“[Kyle] Jamieson has got a couple of first-class hundreds if I am not wrong (he has none, but scored a century against a touring English side in a warm-up match in 2018) and [Ajaz] Patel, he can bat as well. [Trent] Boult batted really well. You’ve got to give credit where it is due. Like I said, they really understand these conditions very well and use it to their advantage. They try and hit it with the breeze, they know what works and what doesn’t. That’s something we should quickly learn from them and try and compete with them.”

At stumps on day three, India were four down, needing a further 39 runs to make New Zealand bat again. The odds are stacked against India, but they have a reasonably set pair of batsmen at the crease in Ajinkya Rahane and Hanuma Vihari, with some batting ability to follow in Rishabh Pant and Ashwin.

“I think we are not yet in a stage of the game where, from our perspective in the dressing room, we can look at it very far,” Ashwin said. “We will have to take it per session, per hour, or however [large] a target we can set, the better it is for us.

“It’s about getting away the morning session tomorrow. Since there’s so much time in the game, it’s very difficult to say what might happen, what we might foresee. It’s important to stay in the moment and continue the way [Rahane and Vihari] are batting. They are set and they know what the wicket is like, so we will look to cash in tomorrow morning once again.”

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Recent Match Report – England Women vs South Africa Women, ICC Women’s T20 World Cup, 4th Match, Group B



South Africa 4 for 127 beat England 8 for 123 (Sciver 50, Khaka 3-25) by six wickets

In her 100th T20I, Mignon du Preez struck back-to-back boundaries in the final over as South Africa held their nerve to secure just a third victory over England in the format in what could be a very significant result early in the World Cup.

It was a thrilling end to a chase that South Africa won and lost on multiple occasions in the closing stages before it came down to needing nine off the last over bowled by Katherine Brunt. The first two balls went for singles before du Preez swung a six over fine leg then clubbed the boundary that set off wild South African celebrations.

The bulk of the chase was put together by a stand of 84 between captain Dane van Niekerk and Marizanne Kapp but both fell in the space if five balls as England threatened to turn it around.

However, it was with the bat where England really let themselves down as they labored to a total that, while not that far from being enough to win, was an unconvincing way to start their tournament except for Nat Sciver‘s half-century. South Africa, though, were outstanding with the ball and, in the end, it did not go waste.

A dramatic final five

South Africa needed 34 off 28 balls when England hauled themselves back into the match through their spin twins Sophie Ecclestone and Sarah Glenn. Glenn had Kapp caught and bowled and in the next over, without a run added, the pressure told on van Niekerk as she sliced Ecclestone to point. England squeezed to such an extent that the target blew out to 33 off 18 balls. The 18th over, from Sciver, went for 14 to reignite South Africa’s hopes and when Chloe Tryon, who had struggled to middle the ball, cleared the fence off Ecclestone it came down to nine off eight. Amy Jones then missed a stumping chance only for Ecclestone to spear one through Tryon (who would have been lbw without scoring had England reviewed in the 17th over) meaning Brunt had nine to defend in the last. The third ball of the over was dropped short enough for du Preez to get far enough underneath it to clear the rope. Finally, that was the game.

Allrounders stand tall

Although for a moment it appeared their fine work would come to nothing, Kapp and van Niekerk had outstanding days. Kapp got South Africa up and running by ending a lively start from Jones in an exceptional display which included 12 dot balls across her four overs. With the bat she produced the best shot of the match when she drove Brunt off the back through the off side on the final ball of the powerplay. van Niekerk had gone for just five an over in four overs, without conceding a boundary, and claimed the key wicket of the in-form Heather Knight. While her innings was never quite at the tempo to emphatically put the chase to bed, she twice sent Anya Shrubsole for six and at the end of the contest could reflect on one of the better wins of her captaincy career.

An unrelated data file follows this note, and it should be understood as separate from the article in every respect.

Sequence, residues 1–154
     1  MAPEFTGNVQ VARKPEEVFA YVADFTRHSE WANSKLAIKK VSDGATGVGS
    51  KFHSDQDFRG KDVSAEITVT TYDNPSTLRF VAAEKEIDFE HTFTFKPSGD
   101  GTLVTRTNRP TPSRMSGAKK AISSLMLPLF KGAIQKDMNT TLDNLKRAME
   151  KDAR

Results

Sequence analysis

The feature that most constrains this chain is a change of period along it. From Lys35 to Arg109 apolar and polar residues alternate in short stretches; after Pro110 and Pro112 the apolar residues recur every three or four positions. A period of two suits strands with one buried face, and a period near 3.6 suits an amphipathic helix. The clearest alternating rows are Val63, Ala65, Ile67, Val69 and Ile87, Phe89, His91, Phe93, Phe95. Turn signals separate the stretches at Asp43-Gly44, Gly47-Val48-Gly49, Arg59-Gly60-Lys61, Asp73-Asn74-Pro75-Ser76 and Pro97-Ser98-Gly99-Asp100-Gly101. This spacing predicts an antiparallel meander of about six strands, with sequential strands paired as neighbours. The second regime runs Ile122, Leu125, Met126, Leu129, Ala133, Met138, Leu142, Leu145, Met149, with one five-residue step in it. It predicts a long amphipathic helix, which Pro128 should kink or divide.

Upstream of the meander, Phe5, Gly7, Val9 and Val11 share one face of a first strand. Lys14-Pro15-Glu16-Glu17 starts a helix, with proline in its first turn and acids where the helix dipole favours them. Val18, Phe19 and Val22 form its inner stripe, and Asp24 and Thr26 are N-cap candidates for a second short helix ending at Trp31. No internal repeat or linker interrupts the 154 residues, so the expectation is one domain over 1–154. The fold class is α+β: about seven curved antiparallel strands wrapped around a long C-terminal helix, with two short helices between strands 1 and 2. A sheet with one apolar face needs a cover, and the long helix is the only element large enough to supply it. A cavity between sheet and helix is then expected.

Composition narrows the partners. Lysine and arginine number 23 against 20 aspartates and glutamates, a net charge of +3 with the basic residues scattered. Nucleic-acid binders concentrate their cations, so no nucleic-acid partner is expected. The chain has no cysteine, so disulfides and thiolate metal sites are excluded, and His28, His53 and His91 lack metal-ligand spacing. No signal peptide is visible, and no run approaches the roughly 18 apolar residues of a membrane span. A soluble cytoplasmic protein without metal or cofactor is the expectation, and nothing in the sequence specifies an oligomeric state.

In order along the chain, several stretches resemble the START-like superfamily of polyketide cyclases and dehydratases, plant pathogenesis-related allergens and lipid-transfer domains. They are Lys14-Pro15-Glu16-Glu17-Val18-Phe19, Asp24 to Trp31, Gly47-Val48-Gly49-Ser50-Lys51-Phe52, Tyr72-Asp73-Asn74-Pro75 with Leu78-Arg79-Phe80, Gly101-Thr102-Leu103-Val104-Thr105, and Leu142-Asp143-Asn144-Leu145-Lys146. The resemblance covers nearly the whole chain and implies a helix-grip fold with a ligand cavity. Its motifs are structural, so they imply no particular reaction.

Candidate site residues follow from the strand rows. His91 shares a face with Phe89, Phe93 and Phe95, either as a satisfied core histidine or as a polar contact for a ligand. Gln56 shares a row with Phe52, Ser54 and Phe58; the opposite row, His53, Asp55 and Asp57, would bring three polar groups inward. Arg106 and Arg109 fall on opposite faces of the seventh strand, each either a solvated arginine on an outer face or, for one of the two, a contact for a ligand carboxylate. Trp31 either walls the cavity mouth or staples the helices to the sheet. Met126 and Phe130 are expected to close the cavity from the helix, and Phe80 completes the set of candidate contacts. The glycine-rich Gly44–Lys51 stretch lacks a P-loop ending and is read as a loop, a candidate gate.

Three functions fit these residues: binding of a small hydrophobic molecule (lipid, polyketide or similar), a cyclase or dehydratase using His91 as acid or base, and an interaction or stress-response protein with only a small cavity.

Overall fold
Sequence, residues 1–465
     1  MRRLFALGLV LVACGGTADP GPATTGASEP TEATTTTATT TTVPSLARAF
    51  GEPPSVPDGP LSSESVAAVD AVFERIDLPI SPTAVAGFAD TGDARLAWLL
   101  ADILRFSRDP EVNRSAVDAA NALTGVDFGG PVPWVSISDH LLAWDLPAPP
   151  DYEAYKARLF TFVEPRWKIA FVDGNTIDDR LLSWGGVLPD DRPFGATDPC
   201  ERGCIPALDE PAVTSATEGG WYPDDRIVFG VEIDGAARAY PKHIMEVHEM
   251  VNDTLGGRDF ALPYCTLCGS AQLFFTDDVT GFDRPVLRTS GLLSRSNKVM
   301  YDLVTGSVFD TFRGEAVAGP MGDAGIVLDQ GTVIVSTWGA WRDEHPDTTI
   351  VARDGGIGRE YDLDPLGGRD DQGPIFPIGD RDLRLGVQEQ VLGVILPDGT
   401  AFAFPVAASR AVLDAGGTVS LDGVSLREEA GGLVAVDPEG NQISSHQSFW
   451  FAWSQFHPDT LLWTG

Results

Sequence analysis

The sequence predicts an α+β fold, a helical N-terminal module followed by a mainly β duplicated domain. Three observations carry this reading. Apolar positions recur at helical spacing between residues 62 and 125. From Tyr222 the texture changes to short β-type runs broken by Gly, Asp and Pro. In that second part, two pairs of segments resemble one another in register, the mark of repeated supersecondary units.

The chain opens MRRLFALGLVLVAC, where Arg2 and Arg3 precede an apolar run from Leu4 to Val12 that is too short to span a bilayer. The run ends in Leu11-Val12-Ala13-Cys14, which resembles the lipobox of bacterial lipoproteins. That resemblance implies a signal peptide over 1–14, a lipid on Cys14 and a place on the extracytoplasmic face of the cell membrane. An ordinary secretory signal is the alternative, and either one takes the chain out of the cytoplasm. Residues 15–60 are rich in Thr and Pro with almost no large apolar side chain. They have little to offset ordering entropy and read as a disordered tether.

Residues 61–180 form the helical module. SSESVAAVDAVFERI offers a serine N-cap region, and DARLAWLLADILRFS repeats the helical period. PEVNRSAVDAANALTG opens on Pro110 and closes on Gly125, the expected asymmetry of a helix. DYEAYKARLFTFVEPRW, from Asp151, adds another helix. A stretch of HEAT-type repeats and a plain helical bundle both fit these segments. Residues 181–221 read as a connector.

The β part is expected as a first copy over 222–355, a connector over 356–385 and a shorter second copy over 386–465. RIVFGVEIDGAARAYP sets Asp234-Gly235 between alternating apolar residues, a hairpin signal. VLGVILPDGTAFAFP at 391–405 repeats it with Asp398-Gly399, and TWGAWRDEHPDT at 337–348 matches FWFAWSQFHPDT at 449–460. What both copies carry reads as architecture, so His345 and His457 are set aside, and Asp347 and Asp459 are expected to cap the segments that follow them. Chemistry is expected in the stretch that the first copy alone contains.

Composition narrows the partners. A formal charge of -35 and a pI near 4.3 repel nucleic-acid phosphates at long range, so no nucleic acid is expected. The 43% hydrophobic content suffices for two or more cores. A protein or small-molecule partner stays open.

Pace and variety

Shabnim Ismail only managed one wicket, when Brunt carved to third man, but her performance was another reminder of the priceless commodity of pace she brings to the South Africa attack. She clocked in at 125kph and regularly pushed 120kph, forcing the England batters back in their crease. As a whole, South Africa’s attack was always offering something different to contend with. It was a surprise to see left-arm spinner Nonkulueko Mlaba bowl the first over – and it cost nine as Jones started positively – but although she was the most expensive there wasn’t a weak link, to the extent that Sune Luus wasn’t even required.

Sciver salvages England

For a significant part of her innings, Sciver found the going as tricky as the rest of the England batting but crucially fought through and was there to catch up towards the end. From having 24 off 29 balls, she then collected 26 off her next 12 balls which included the lone six of the innings when she deposited Mlaba over wide long-on. She also brought out the scoop – a shot favoured by a few of the England batters – and her half-century came up off 40 balls. However, she was defeated by an excellent slower ball from Khaka which prevented her taking advantage of the final two overs. In a match of such fine margins, that could well have proved crucial.

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Islamabad United bowl; Samit Patel, Faizan Khan in for Lahore Qalandars | Cricket



Sohail Akhtar holds his shape after playing a shot © PSL

Islamabad United won the toss and chose to bowl v Lahore Qalandars

All but one of the games this season so far have been won by the chasing side, so it was little surprise to see Islamabad United put Lahore Qalandars in. Qalandars, who are the only side yet to win a game this season, made two changes to the side that succumbed to a meek defeat against Multan Sultans.

Samit Patel, who was left out in the first game, comes into the team to replace Ben Dunk. Dilbar Hussain also makes way, with Faizan Khan replacing him. There’s one change for Islamabad United, with young Ahmed Safi Abdullah in place of Akif Javed.

Islamabad United: Colin Munro, Luke Ronchi (wk), Colin Ingram, Dawid Malan, Hussain Talat, Asif Ali, Faheem Ashraf, Shadab Khan (capt), Ammad Butt, Ahmed Saifi Abdullah, Musa Khan

Lahore Qalandars: Lahore Qalandars: Chris Lynn, Fakhar Zaman, Mohammad Hafeez, Dane Vilas (wk), Sohail Akhtar (capt), David Weise, Samit Patel, Faizan Khan, Shaheen Afridi, Haris Rauf, Usman Shinwari

Danyal Rasool is a sub-editor at ESPNcricinfo. @Danny61000

ESPN Sports Media Ltd.